News / Middle East

Ahmadinejad Speech Triggers Western Walkout

Iranian President Mahmoud Ahmadinejad speaks during the 66th session of the United Nations General Assembly at U.N. headquarters, September 22, 2011.
Iranian President Mahmoud Ahmadinejad speaks during the 66th session of the United Nations General Assembly at U.N. headquarters, September 22, 2011.

Diplomats from the United States and Europe walked out of the U.N. General Assembly Thursday amid a strident address by Iranian President Mahmoud Ahmadinejad. The Iranian leader blamed Western powers for world problems, and questioned the Holocaust and circumstances of the 9-11 terrorist attacks.

On the eve of the Iranian president’s speech, Iran released two American hikers imprisoned for two years in a move welcomed by the White House.  But any goodwill generated by the gesture may have been swept away by the Ahmadinejad policy speech.

In it, he blamed Western powers for a catalogue of world ills including slavery, the two world wars, drug trafficking and the imposition of authoritarian regimes in Asia, Latin America and Africa.

Ahmadinejad’s U.N. speech, his fifth since assuming power in 2005, was probably his most controversial and triggered what has become an annual walkout by Western delegates including the mid-level U.S. diplomats present when the speech began.

He made no mention of current policy issues such as Iran’s controversial nuclear program, instead attacking what he termed arrogant Western powers. He is heard through an interpreter.

“They tolerate no questions or criticism and instead of presenting a reason for their violations, they always put themselves in the position of a claimant," he said. "By using their imperialistic media network, which is under the influence of colonialism, they threaten anyone who questions the Holocaust and September 11th with sanctions and military action.”

The Iranian president, who at the U.N. last year called for an investigation of so-called “hidden elements” of the 2001 attacks, suggested Osama bin Laden had been killed by U.S. forces last May to foreclose an inquiry.

“Instead of assigning a fact-finding team, they killed the main perpetrator and threw his body into the sea," he said. "Would it not have been reasonable to bring to justice and try openly the main perpetrator of the incidents in order to identify the elements and reason behind the safe-space provided for the invading aircraft to attack the twin world trade towers?
The Iranian president, who did not mention Israel by name, said Western leaders treat Zionism as a sacred notion, and said any question about the Jewish state’s founding and history is seen as an unforgivable offense.

Reacting to the speech, the spokesman for the U.S. Mission to the U.N. said Ahmadinejad had a chance to address his own people's aspirations for freedom and dignity, but instead again turned to abhorrent anti-Semitic slurs and despicable conspiracy theories.

In a New York Times interview Thursday, Ahmadinejad again denied his country has nuclear weapons ambitions, and said it would halt uranium enrichment if world powers provided the 20-percent enriched uranium he said Iran needs for domestic power production.

The European Union said Wednesday it was prepared to resume without pre-conditions the nuclear talks with Iran that broke down in January. The International Atomic Energy Agency says Iran has failed to provide sufficient evidence that its program is entirely peaceful.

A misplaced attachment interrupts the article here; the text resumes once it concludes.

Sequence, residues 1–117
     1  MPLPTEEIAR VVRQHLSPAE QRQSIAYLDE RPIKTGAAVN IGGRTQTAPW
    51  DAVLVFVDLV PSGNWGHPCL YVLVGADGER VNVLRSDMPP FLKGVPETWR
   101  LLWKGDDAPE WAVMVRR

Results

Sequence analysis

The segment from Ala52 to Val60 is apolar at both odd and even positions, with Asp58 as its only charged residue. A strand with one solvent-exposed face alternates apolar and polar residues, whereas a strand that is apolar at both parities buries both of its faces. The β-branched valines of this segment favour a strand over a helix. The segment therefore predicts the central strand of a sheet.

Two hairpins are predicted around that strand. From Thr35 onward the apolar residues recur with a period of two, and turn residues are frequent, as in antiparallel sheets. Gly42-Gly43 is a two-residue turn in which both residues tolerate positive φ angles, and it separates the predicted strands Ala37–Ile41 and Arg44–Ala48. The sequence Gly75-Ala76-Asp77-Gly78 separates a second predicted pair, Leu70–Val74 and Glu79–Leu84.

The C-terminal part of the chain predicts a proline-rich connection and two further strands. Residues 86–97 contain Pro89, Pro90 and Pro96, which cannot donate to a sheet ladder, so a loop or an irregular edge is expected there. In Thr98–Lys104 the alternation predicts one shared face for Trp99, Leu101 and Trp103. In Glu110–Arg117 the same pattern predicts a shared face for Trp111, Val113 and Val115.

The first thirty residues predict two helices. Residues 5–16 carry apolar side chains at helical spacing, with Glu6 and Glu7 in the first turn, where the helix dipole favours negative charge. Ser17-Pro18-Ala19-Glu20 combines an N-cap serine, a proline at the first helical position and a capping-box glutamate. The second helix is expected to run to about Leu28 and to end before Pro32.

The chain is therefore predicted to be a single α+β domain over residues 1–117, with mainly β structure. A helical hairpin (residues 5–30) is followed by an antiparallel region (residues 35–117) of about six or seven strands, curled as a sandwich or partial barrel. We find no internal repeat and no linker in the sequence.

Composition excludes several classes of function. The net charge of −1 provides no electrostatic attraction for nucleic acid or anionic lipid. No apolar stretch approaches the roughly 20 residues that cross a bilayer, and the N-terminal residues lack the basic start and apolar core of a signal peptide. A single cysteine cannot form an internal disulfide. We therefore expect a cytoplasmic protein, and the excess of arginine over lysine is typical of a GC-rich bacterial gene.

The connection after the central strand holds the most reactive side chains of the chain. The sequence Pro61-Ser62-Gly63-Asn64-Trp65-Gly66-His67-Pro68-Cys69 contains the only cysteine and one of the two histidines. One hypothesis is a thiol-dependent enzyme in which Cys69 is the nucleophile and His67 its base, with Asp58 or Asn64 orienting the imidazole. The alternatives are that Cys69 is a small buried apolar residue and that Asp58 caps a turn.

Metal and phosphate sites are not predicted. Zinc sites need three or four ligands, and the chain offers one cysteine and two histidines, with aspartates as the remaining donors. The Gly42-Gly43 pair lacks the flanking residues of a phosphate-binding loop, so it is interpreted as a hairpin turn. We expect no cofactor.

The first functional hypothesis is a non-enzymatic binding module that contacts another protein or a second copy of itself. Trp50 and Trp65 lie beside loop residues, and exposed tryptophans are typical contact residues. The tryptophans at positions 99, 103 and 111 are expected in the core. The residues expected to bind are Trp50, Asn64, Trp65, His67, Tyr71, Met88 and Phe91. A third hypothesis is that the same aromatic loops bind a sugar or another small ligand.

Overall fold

You May Like

Photogallery Strong Words Start, May End, S. African Xenophobic Attacks

President Jacob Zuma publicly condemned rise in attacks on foreign nationals but critics say leadership has been less than welcoming to foreign residents More

Video Family Waits to Hear Charges Against Reporter Jailed in Iran

Reports in Iran say Jason Rezaian has been charged with espionage, but brother tells VOA indictment has not been made public More

Video Overwhelmed by Migrants, Italy Mulls Action to Stabilize Libya

Amnesty International says multinational concerted humanitarian effort must be enacted to address crisis; decrepit boats continue to bring thousands of new arrivals daily More

This forum has been closed.
Comments
     
There are no comments in this forum. Be first and add one

Featured Videos

Your JavaScript is turned off or you have an old version of Adobe's Flash Player. Get the latest Flash player.
Are Energy Needs Putting Thailand's Natural Beauty at Risk?i
X
Steve Sandford
April 17, 2015 12:50 AM
Thailand's appetite for more electricity has led to the construction of new dams along the Mekong River to the north and new coal plants near the country's famous beaches in the south. A proposed coal plant in a so-called "green zone" has touched off a debate. VOA's Steve Sandford reports.
Video

Video Are Energy Needs Putting Thailand's Natural Beauty at Risk?

Thailand's appetite for more electricity has led to the construction of new dams along the Mekong River to the north and new coal plants near the country's famous beaches in the south. A proposed coal plant in a so-called "green zone" has touched off a debate. VOA's Steve Sandford reports.
Video

Video Overwhelmed by Migrants, Italy Mulls Military Action to Stabilize Libya

Thousands more migrants have arrived on the southern shores of Italy from North Africa in the past two days. Authorities say they expect the total number of arrivals this year to far exceed previous levels, and the government has said military action in Libya might be necessary to stem the flow. VOA's Henry Ridgwell reports.